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Flashcards in Basal Ganglia Deck (19)
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1
Q

the major source of input to the basal ganglia

A

Input to basal ganglia comes from the cortex.

2
Q

character and probable cause of Parkinson’s disease

A
  • Resting tremor, lost during intended movement.
  • increased tone
  • diff initiating movement and slowness of movement once begun
  • bradykinesia
  • Etiology: loss of dopamine neurons in substantia nigra, thus reducing effective disinhibition that striatum would normally produce in thalamus via GP. (harder to start movement)
  • Treatment: L-dopa (levodopa), crosses BBB, give with carbidopa to reduce L-dopa dosage.
3
Q

Is the output of the basal ganglia inhibitory or excitatory

A

INHIBITORY (preventing thalamic excitation of cortex)

Cells in layer V of cortex send axons to basal ganglia where they release glutamate to excite cells in caudate or putamen.
Cells in caudate or putamen send axons to GP where they release GABA to inhibit cells there.
Cells in GP send axons to thalamus where they release GABA to inhibit cells there.
-Late stages: DBS in STN or GPi

4
Q

What is the genetic cause of Huntington’s Disease and what areas of the basal ganglia are affected?

A
  • -chorea, athetosis
  • progressive disease, starting at 30-50
  • Autosomal DOMINANT
  • chromosome 4
  • Disease may be due to abnormal binding of the Huntington protein (huntingtin) in the cortex and basal ganglia. Triplet repeat (CAG)
  • Loss of striatal actions on globus pallidus; also produced by too much DA.
5
Q

How do basal ganglia exert modulation on motor performance?

A

By their massive interconnections with motor cortices.

Input from cerebral cortex, output directed to thalamus and from there back to cortex.

6
Q

The basal ganglia are impacted by ____.

Location?

A

basically all nontraumatic, metabolic disruption of motor control. Why? NT biosynthesis occurs there (80% of dopamine).

Basal ganglia are masses of cells (gray matter) at base of cerebrum, below neocortex. They are next to but do not include the thalamus. No direct connections iwth sensory syst or spinal motor apparatus. Role in MOTOR PROGRAM SELECTION.

7
Q

Name the components of the basal ganglia.

A
  1. caudate and putamen (neostriatum/striatum)
  2. globus pallidus
  3. substantia nigra (caudalmost; dopamine rich)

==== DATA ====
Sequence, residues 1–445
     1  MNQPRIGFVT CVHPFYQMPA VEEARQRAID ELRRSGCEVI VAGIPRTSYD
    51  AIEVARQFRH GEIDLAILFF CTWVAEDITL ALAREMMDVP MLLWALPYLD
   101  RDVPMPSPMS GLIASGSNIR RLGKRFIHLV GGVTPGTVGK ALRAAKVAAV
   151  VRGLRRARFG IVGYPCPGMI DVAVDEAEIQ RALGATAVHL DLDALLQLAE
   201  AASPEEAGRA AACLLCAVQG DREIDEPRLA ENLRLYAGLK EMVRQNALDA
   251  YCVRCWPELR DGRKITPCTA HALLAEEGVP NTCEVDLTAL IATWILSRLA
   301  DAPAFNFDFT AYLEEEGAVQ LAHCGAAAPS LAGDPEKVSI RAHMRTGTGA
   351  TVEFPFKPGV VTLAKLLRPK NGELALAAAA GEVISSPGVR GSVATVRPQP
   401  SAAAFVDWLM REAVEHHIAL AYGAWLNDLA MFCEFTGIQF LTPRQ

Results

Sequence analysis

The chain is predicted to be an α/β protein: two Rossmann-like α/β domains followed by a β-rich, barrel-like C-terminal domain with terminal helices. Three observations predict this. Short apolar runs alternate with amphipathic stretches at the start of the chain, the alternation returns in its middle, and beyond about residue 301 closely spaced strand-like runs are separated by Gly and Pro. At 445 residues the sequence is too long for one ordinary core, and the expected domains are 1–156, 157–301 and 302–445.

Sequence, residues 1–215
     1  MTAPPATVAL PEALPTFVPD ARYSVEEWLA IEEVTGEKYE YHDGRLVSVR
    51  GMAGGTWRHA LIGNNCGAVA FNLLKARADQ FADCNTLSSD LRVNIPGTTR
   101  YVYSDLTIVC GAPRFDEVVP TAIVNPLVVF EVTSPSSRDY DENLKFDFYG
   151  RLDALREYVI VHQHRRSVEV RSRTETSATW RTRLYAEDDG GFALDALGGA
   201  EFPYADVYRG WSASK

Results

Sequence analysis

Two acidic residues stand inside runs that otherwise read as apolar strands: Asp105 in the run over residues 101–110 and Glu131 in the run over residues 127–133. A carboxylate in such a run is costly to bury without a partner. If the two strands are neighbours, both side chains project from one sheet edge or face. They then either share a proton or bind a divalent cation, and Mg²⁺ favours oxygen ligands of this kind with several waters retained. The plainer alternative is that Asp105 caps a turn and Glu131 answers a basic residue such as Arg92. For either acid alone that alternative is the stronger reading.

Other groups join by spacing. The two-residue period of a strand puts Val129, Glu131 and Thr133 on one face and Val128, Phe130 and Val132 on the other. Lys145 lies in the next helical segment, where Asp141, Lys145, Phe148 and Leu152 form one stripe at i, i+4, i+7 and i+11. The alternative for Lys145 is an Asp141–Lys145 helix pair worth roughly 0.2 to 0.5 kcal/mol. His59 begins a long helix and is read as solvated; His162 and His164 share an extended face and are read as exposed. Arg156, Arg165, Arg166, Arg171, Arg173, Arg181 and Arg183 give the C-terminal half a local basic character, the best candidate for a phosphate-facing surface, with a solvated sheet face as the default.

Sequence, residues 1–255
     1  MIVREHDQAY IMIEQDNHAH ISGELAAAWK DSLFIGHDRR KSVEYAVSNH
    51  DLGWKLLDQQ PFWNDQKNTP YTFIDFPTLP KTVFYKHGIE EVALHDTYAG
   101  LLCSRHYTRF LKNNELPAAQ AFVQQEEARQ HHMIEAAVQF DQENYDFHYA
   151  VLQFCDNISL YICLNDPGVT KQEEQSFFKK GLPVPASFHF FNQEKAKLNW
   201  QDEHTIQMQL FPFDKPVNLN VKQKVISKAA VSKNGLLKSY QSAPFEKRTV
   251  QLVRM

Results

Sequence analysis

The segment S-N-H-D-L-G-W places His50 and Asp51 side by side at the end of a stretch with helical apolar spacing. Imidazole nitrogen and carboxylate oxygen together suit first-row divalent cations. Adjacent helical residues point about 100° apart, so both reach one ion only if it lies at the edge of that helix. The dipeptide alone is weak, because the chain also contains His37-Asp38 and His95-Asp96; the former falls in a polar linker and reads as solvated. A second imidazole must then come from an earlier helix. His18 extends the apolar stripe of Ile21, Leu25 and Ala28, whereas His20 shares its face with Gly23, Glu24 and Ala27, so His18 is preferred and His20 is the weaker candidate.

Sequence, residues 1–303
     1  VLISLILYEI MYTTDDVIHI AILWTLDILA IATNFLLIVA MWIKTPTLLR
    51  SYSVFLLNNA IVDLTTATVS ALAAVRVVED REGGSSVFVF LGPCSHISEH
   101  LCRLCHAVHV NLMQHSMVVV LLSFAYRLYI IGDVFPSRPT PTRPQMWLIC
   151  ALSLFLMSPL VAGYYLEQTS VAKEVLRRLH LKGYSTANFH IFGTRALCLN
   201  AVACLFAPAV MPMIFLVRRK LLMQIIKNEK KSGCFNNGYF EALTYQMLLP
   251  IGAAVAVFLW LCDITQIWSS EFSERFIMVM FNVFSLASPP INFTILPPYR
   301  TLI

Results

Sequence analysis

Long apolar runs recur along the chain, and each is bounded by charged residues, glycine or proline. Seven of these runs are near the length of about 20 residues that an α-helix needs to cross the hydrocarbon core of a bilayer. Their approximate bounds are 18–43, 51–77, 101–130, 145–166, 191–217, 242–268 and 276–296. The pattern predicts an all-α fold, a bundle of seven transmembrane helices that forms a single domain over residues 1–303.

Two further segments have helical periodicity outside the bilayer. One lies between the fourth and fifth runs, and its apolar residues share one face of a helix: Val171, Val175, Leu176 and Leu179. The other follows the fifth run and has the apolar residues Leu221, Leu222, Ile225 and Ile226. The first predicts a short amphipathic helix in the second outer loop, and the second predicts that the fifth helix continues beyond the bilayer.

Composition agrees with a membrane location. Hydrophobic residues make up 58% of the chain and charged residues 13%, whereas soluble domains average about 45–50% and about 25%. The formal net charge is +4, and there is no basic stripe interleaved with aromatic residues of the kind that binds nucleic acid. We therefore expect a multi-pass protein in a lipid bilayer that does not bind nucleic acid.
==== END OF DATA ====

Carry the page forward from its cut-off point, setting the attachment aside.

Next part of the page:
4. Subthalamic nucleus
8
Q

Unilateral defects= _____ deficits

A

contralateral deficits in function (whereas cerebellum is ipsilateral).

9
Q

Describe the “direct path” from the cortex to basal ganglia and eventually back to cortex

A
  • Input from cortex. (input nuclei are caudate and putamen).
  • info flows from caudate to putamen to globus pallidus
  • info then flows from globus pallidus interna to the thalamus. So globus pallidus interna is the major OUTPUT nucleus of the basal ganglia.
  • From thalamus back to cortex.
10
Q

internal feedback loop: substantia nigra

A

SN gets projection from striatum (caud/put) and projects back to caudate and putamen (back projection made by neurons that contain/rel DA–pars compacta).
-SN pars reticulata project to thalamus (additional output pathway)

11
Q

Internal feedback loop: subthalamic nucleus

A

Subthalamic nuc receives projection from external part of GP, projects back to both the internal and external GP. “pallidal feedback loop”

12
Q

Describe the 2 populations of medium spiny neurons of the striatum.

A
  • one expresses D1 recep (coupled to excitatory Gprot)
  • other expresses D2 recep (coupled to inhibitory G prot)

Travel thru different pathways:
w/ D1 recep, project directly to GPi (main output struc of basal ganglia) (DIRECT)

w/ D2 recep, project to the GPe. The GPe projects to subthalamic nucleus (STN) and STN to GPi (INDIRECT pathway)

13
Q

Putamen (what projects to it)

A

Sensori-motor cortex projects to putamen.
Putamen to GP to VA (some VL) thalamus. Thalamic nuclei project back to motor cortex, especially supplementary motor area (SMA). (Thalamic neuron gets EPSP from dentate nuc of cerebellum OR IPSP from GP.

14
Q

Caudate projections

A

Caudate gets input from frontal assoc cortex, sends to GP, then to dorso-medial thalamus, back to assoc cortex

15
Q

Nucleus Accumbens

A

caudal juncture b/t caudate and putamen, processes info from paleo-cortex (limbic).

16
Q

Explain how basal ganglia is inhibitory.

A

Pallidal (GP) neurons fire spontaneously at high rates. Striatal neurons fire slowly, if at all. W/o cortical input, basal ganglia (GP) inhibits the thalamo-cortical input.
Signal comes down from cortex and excites the striatal neuron. Striatal neuron inhibits pallidal neuron thus DISINHIBITING the thalamo-cortical pathway. Thalamic neurons thus increase firing rate, excite cortical neurons. “Direct pathway”–>facilitates movement (indirect pathway thru GPe, leads to negative feedback)

17
Q

Inhibition at substantia nigra

A

Striatal neurons to SN produce inhibition via GABA release. SN sends DA neurons back to Striatum (excitatory).

18
Q

Inhibition at subthalamic nucleus

A

STN gets inhibitory input from GPe and projects excitation back to GPi

19
Q

Hemiballismus

A

flailing movements of the arm and leg on one side.
–>stroke in post. cerebral artery leads to damage of STN on one side–>loss of excitation by STN reduces inhibitory outflow of GP, so motor programs inappropriately initiated.